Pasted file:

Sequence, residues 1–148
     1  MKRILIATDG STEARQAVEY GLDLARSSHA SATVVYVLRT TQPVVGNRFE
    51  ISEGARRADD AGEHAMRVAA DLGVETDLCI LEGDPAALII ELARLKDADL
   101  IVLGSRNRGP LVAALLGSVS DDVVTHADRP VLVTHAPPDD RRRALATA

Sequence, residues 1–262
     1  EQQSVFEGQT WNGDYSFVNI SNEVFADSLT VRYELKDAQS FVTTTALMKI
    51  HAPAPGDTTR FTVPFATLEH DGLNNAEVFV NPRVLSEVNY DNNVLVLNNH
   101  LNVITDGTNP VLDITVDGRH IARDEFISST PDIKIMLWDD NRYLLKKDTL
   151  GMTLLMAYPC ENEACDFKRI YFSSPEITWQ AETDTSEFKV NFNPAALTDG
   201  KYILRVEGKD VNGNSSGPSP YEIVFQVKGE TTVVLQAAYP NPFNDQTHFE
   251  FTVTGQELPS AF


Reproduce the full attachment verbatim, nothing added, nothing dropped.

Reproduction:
Sequence, residues 1–148
     1  MKRILIATDG STEARQAVEY GLDLARSSHA SATVVYVLRT TQPVVGNRFE
    51  ISEGARRADD AGEHAMRVAA DLGVETDLCI LEGDPAALII ELARLKDADL
   101  IVLGSRNRGP LVAALLGSVS DDVVTHADRP VLVTHAPPDD RRRALATA

Sequence, residues 1–262
     1  EQQSVFEGQT WNGDYSFVNI SNEVFADSLT VRYELKDAQS FVTTTALMKI
    51  HAPAPGDTTR FTVPFATLEH DGLNNAEVFV NPRVLSEVNY DNNVLVLNNH
   101  LNVITDGTNP VLDITVDGRH IARDEFISST PDIKIMLWDD NRYLLKKDTL
   151  GMTLLMAYPC ENEACDFKRI YFSSPEITWQ AETDTSEFKV NFNPAALTDG
   201  KYILRVEGKD VNGNSSGPSP YEIVFQVKGE TTVVLQAAYP NPFNDQTHFE
   251  FTVTGQELPS AF